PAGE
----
“Lo! Cintra’s glorious Eden” – A Day in Sintra

Here you will see that Lord Byron’s declamation still holds true today!

Our walk continued from Praia Grande for a further two days. We continued up the coast as far north as Praia de Magoito where the Sintra natural park ends and then turned inland away from the ocean views to the wine growing area of Colares. The town of Colares was  where we spent the next night and our journey on foot continued the next day to Sintra itself via a long stop at the wonderful Palace and Gardens of Monserrate.

Monserrate Gardens

In the Gardens at Monserrate

Entrance Gate to Sintra

Former Entrance to Sintra

So, on the afternoon of the fifth day of walking we arrived at one of the former town gates and soon reached the famous Lawrence’s Hotel right in the old town of Sintra.

Lawrences

This hotel is the oldest in Spain and Portugal and (I believe) the second oldest in Europe. It has connections with Lord Byron who stayed here and whose portraits appear on many of the hotel and restaurant walls.

We stayed two nights at Lawrences which gave us a whole day to explore Sintra and its palaces.

Pena Palace

Most of our time was spent at the Park and Palace of Pena. It’s very popular; even on this Friday in April. There is lots to see in the Palace alone. Ongoing restoration could also be observed here as at Monserrate.

Open for Works at Pena

Tiled courtyard

An Inner Courtyard

The Park and Palace of Pena are the finest examples of nineteenth century Portuguese Romanticism and the integration of natural and built heritage. They constitute the most important part of the Cultural Landscape of  Sintra’s World Heritage site.” [From publicity leaflet]

Originally a chapel and later a monastery  in 1842 work began on a “New Palace” by the King Don Fernando II who left all the property on his death to his second wife the Countess Edla. The Palace and Park were acquired by the state in 1889 and converted to a museum in 1910-12.

A natural environment of rare beauty and scientific importance, the Park is remarkable as a project of landscape transformation of a hill, barren at the time, into an arboretum integrating several historic gardens. It occupies almost eighty-five hectares of exceptional geological and climatic conditions.” [From publicity leaflet]

The Chalet Edla

The Chalet Edla

We could have spent hours in the grounds alone. Leaving the Palace you are soon away from the crowds and we decided on a route that would take in the Chalet Edla.

Pena Park

Lush Greenery of the Pena Park

We had understood that due to damage following the storms in January the Chalet would not be open to the public. So we were surprised and happy to find that on that very day it was reopened  to the public! We bought our tickets and took a look round this unusual summer house built by Don Ferdinand for the Countess between 1864 and 1869. The Chalet also deteriorated badly over many years and in 1999 was damaged by fire. Here, again, renovation work is still ongoing. I’m not sure to what extent the recent storms damaged the house but there’s been a magnificent effort to restore this building to its former glory.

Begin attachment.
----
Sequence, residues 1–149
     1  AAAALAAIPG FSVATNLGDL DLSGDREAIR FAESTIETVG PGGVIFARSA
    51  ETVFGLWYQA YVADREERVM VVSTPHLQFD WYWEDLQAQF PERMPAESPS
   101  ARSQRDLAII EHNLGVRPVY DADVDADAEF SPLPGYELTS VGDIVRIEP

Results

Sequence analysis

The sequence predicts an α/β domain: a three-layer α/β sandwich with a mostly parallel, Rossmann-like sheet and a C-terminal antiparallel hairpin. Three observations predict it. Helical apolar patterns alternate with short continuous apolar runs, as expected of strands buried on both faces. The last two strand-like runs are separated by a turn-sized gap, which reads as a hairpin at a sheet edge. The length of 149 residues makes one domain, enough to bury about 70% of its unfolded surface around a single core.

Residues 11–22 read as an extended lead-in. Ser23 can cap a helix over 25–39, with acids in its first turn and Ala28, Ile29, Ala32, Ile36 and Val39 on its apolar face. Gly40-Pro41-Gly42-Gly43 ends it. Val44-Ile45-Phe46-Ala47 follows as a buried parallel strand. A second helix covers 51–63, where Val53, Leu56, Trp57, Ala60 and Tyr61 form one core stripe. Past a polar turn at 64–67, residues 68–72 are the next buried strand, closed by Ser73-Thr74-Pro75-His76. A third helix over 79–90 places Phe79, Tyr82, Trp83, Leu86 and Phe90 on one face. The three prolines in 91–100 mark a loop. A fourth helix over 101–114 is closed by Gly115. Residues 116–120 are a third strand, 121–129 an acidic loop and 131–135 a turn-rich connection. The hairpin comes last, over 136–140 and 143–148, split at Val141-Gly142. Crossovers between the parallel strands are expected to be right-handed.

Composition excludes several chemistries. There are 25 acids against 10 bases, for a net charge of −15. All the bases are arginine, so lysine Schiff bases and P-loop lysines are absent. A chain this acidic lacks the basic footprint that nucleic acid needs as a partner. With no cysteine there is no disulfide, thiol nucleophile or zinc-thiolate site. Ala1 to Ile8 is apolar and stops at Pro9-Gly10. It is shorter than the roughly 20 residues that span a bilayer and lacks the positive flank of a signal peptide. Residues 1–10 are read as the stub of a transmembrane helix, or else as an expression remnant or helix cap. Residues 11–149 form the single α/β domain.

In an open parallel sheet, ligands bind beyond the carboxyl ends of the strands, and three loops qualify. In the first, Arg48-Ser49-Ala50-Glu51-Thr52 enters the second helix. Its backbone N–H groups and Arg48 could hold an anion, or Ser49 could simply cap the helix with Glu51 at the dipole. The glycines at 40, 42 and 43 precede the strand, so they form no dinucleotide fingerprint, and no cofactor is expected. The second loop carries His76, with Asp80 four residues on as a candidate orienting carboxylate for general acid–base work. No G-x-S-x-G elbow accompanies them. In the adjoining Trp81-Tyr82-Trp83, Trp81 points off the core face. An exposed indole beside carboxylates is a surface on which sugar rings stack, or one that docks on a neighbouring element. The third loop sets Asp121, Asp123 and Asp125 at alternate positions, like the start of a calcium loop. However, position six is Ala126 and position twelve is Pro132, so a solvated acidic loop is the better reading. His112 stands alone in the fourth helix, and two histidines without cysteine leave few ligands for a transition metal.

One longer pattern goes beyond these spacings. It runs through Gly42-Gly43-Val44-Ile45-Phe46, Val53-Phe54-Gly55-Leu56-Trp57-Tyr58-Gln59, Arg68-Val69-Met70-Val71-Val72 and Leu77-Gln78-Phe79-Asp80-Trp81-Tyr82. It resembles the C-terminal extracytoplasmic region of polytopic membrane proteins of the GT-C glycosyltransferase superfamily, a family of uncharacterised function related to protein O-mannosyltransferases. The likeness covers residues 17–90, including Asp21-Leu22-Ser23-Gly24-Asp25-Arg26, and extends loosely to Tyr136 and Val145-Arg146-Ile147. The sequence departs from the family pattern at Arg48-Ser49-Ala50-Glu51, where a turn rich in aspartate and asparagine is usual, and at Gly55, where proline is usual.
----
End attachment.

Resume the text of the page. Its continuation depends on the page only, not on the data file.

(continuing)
Before renovation

Photographs show the extent of the damage

Inside Edla 1

Interior Chalet Edla

Inside Edla 2

Renovations at The Chalet Edla

Inside Edla 3

Upstairs at The Chalet Edla

From the Pena gardens we stepped across the road to the Moorish Castle which is really just ramparts. But they are impressive  ramparts.Moorish Ramparts

The Moorish Castle Ramparts

Sintra from Moorish

Sintra from the Moorish Castle Ramparts

They tower over the town and we could see them from our terrace at Lawrences.

From our terrace

3 comments on ““Lo! Cintra’s glorious Eden” – A Day in Sintra

  1. Nilly says:

    The chalet is wonderful! It’s fascinating to see these Portuguese picturesque Gothic Revival buildings.

    • The Chalet is pretty high on my list of favourites from the trip. I’m wondering whether they intend to furnish it eventually. Otherwise, it’s a bit bare. Wish I had thought to ask at the time.

  2. L.Garcez says:

    I’m a Sintra’s lover and I loved your wonderful post.

Leave a Reply

Fill in your details below or click an icon to log in:

WordPress.com Logo

You are commenting using your WordPress.com account. Log Out / Change )

Twitter picture

You are commenting using your Twitter account. Log Out / Change )

Facebook photo

You are commenting using your Facebook account. Log Out / Change )

Google+ photo

You are commenting using your Google+ account. Log Out / Change )

Connecting to %s